Emile Gallé
Bottle with intaglio decoration

Bottle with intaglio decoration
Emile Gallé (1846-1904)
Bottle with intaglio decoration
Model designed in 1895
Two layers of blown and moulded glass
H. 27; W. 8 cm
© Musée d'Orsay, dist. RMN-Grand Palais / Patrice Schmidt


Bottle with intaglio decoration

Bouteille à ornementation creuse [Bottle with intaglio decoration]


This vase features in the album of models registered with the Conciliation Board (Conseil des Prud'hommes) in Nancy by Gallé on 14 May 1895, a year after the burning of his glassworks in Nancy, the construction of which had put an end to nearly thirty years of commuting between Nancy and Meisenthal.

The bottle is the first model in the series and the shape was later used as a base for other types of decoration. Its method of ornamentation, which Gallé called "creuse" (hollow) in the description of the models, consists of arabesques deeply grooved into a thick vitreous material. The material worked in this way could be colourless or, as here, a sumptuous ox-blood red verging on black. This effect was obtained by superimposing two layers of different intensities over a clear parison.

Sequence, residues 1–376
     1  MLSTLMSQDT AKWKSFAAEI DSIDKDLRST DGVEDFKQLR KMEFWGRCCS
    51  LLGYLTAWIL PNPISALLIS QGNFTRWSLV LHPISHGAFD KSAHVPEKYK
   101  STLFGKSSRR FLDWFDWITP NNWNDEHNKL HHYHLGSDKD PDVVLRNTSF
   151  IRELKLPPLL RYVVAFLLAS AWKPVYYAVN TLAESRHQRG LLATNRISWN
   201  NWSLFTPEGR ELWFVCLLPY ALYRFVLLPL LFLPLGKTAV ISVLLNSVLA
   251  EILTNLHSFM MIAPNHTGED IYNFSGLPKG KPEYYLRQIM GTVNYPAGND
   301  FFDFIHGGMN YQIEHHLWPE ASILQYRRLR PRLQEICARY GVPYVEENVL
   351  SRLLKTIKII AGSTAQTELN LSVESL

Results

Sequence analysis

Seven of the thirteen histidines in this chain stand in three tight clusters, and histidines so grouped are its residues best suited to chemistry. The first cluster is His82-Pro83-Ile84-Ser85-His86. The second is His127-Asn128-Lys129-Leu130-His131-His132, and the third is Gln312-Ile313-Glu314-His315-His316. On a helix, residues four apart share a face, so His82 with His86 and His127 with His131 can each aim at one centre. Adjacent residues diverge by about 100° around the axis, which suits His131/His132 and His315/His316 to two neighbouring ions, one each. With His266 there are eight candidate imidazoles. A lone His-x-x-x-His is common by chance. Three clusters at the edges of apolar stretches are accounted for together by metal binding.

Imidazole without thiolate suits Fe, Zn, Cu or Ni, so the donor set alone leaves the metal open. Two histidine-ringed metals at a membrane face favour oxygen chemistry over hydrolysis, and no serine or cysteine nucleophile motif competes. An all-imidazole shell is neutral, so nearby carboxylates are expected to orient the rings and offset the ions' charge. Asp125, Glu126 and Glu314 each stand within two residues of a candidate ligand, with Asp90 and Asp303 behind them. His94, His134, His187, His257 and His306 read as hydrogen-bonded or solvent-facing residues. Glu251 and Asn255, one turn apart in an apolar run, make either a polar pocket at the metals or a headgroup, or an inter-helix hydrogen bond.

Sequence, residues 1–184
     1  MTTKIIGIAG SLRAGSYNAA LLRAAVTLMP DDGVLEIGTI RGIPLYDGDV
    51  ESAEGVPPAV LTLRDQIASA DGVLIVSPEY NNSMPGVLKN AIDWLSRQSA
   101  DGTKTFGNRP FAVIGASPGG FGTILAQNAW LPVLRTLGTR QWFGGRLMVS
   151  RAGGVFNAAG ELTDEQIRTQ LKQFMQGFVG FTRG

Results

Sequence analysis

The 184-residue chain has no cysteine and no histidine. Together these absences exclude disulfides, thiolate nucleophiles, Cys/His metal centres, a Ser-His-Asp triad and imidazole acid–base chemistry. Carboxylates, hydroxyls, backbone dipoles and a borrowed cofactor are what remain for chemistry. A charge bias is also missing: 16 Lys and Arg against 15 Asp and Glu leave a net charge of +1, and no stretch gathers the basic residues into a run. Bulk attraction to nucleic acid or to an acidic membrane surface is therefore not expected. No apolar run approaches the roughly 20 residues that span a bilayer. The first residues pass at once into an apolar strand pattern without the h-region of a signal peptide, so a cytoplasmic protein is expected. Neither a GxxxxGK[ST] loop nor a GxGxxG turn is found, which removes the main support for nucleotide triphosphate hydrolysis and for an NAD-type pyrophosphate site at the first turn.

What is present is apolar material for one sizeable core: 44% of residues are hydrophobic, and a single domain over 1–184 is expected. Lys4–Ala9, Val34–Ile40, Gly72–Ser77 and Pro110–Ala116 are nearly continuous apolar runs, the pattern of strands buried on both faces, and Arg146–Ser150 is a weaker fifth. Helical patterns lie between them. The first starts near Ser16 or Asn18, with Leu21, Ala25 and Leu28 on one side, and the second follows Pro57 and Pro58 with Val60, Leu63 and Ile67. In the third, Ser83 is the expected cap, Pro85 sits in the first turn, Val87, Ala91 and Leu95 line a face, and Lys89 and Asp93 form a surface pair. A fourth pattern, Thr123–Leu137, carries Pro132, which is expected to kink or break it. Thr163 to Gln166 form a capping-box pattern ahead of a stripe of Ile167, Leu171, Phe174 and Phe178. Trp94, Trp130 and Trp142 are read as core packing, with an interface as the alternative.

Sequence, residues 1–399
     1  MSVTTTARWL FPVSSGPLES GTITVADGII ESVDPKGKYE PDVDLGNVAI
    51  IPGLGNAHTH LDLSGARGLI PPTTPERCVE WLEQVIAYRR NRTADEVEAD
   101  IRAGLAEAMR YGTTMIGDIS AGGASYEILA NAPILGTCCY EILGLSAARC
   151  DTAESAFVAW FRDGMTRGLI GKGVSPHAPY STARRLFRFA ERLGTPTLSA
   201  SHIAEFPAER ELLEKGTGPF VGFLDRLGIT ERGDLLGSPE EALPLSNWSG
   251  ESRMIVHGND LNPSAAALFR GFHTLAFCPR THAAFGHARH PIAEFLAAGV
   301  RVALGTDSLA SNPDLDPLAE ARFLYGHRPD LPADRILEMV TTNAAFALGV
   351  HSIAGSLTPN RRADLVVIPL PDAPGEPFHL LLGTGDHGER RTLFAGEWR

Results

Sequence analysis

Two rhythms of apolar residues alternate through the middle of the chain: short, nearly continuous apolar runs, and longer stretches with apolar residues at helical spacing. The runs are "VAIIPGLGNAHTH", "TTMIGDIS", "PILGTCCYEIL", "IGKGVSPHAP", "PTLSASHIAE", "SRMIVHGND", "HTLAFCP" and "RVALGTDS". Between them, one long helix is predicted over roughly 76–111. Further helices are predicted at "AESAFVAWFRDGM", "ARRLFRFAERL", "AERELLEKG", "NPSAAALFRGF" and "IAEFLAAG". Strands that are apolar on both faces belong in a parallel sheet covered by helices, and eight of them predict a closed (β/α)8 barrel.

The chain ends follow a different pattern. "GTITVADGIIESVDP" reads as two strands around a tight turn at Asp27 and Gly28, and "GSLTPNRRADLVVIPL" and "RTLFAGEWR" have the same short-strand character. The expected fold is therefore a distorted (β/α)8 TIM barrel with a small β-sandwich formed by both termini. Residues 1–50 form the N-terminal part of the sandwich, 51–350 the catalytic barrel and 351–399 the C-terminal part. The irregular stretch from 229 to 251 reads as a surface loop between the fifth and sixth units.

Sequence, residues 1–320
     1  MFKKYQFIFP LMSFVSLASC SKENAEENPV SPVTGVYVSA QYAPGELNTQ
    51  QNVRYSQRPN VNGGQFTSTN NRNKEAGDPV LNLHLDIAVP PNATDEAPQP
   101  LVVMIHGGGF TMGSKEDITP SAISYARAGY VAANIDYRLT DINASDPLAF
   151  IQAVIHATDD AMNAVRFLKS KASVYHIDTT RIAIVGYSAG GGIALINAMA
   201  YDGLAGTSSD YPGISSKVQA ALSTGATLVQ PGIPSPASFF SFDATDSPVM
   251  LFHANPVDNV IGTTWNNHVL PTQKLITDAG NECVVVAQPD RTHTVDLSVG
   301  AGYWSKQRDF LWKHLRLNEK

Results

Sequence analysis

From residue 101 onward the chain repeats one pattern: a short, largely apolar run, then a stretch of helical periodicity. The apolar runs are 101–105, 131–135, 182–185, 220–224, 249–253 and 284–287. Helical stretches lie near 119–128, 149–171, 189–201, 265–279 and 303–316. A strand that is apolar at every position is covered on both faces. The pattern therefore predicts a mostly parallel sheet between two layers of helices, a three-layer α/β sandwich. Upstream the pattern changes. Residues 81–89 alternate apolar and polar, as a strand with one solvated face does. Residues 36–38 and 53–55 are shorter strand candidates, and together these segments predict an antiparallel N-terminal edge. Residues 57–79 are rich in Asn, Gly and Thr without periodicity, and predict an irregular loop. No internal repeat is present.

A work of this type reveals the way Gallé played with various sources of inspiration to arrive at a personal and highly original creation. Indeed, the shape is taken from the Far East while the arabesques reveal the influence of the Islamic arts. The reddish colour of the intermediate layer of glass, which forms a border where the top layer has shrunk slightly, is an allusion to the famous ox-blood red of Chinese ceramics which so fascinated French ceramists in the second half of the eighteenth century, many of whom strove to pierce the secrets of its manufacture. Lastly, the darkest layer rivals in intensity, brilliance and smoothness with the lacquers of the Far East.

The series must have been popular, to judge by the relatively large number of examples known today.




Enlarge font size Reduce font size Tip a friend Print
Facebook
Google+DailymotionYouTubeTwitter